Author(s): Urquhart DM, Hodges PW, Allen TJ, Story IH
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Abstract Various exercises are used to retrain the abdominal muscles in the management of low back pain and other musculoskeletal disorders. However, few studies have directly investigated the activity of all the abdominal muscles or the recruitment of regions of the abdominal muscles during these manoeuvres. This study examined the activity of different regions of transversus abdominis (TrA), obliquus internus (OI) and externus abdominis (OE), and rectus abdominis (RA), and movement of the lumbar spine, pelvis and abdomen during inward movement of the lower abdominal wall, abdominal bracing, pelvic tilting, and inward movement of the lower and upper abdominal wall. Inward movement of the lower abdominal wall in supine produced greater activity of TrA compared to OI, OE and RA. During posterior pelvic tilting, middle OI was most active and with abdominal bracing, OE was predominantly recruited. Regions of TrA were recruited differentially and an inverse relationship between lumbopelvic motion and TrA electromyography (EMG) was found. This study indicates that inward movement of the lower abdominal wall in supine produces the most independent activity of TrA relative to the other abdominal muscles, recruitment varies between regions of TrA, and observation of abdominal and lumbopelvic motion may assist in evaluation of exercise performance.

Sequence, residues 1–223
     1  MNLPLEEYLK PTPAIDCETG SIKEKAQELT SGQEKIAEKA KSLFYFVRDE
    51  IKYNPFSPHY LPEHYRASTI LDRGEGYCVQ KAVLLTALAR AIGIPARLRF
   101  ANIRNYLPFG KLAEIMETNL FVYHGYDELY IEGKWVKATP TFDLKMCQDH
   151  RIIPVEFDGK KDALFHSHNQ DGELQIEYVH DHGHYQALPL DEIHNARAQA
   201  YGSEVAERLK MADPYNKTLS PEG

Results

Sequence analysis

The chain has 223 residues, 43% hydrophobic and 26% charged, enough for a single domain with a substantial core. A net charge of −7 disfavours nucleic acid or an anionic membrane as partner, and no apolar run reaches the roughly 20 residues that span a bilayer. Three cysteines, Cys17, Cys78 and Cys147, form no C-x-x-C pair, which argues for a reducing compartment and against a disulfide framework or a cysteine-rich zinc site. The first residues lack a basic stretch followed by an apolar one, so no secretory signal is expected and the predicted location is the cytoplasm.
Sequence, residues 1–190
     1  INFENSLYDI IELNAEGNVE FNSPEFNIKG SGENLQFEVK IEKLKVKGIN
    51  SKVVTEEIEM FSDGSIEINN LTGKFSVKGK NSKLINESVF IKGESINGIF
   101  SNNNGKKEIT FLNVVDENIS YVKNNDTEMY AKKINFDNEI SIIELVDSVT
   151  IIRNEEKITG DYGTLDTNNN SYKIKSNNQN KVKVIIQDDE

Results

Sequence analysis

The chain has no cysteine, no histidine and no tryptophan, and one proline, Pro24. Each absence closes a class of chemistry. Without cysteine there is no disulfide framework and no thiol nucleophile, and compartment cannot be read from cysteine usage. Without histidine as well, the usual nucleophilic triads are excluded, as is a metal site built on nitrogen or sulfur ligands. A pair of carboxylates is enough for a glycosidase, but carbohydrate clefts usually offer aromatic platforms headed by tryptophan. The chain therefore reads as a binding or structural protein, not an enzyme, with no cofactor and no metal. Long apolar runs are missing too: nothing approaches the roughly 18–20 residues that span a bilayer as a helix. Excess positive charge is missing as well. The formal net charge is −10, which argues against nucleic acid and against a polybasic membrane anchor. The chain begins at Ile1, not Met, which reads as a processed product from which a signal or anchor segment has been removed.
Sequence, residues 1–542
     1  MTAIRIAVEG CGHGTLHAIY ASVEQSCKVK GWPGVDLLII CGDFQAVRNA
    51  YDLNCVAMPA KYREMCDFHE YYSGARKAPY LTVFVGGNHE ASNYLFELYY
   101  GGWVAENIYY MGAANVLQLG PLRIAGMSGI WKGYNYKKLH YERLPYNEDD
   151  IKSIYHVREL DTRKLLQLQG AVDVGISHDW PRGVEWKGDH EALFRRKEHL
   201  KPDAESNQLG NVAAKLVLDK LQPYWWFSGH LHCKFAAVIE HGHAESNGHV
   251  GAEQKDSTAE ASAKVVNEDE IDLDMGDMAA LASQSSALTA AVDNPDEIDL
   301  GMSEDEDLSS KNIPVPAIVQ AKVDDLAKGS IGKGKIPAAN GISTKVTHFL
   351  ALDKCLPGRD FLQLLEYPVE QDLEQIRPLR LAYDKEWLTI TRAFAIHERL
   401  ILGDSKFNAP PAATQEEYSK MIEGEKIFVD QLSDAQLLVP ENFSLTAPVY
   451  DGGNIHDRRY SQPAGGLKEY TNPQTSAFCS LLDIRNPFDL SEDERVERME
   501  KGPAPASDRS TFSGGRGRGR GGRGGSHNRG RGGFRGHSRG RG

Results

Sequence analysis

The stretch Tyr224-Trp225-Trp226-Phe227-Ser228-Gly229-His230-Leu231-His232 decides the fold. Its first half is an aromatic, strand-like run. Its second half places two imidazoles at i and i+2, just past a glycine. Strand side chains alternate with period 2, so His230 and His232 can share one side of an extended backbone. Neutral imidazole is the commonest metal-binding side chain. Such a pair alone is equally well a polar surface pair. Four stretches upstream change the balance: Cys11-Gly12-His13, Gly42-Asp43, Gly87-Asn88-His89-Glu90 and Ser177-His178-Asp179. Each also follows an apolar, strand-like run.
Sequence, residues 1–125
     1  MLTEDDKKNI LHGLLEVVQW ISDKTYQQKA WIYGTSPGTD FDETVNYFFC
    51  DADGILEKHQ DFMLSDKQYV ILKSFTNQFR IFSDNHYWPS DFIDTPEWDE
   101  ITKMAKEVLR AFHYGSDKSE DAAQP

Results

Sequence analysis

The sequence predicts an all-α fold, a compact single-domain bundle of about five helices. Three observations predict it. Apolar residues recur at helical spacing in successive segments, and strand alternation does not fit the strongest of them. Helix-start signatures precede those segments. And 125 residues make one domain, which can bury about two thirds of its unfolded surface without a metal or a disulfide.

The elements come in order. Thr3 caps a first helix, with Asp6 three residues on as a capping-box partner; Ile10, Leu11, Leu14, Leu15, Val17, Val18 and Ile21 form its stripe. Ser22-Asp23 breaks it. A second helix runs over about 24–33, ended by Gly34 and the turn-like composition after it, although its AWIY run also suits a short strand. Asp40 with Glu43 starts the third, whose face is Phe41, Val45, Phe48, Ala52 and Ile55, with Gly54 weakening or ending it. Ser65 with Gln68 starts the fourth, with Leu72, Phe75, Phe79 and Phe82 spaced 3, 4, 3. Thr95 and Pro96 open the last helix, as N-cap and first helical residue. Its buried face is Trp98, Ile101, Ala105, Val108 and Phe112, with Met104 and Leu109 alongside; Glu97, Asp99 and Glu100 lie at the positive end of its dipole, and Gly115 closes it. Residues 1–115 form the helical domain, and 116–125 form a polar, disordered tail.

This article was published in Man Ther
and referenced in Journal of Ergonomics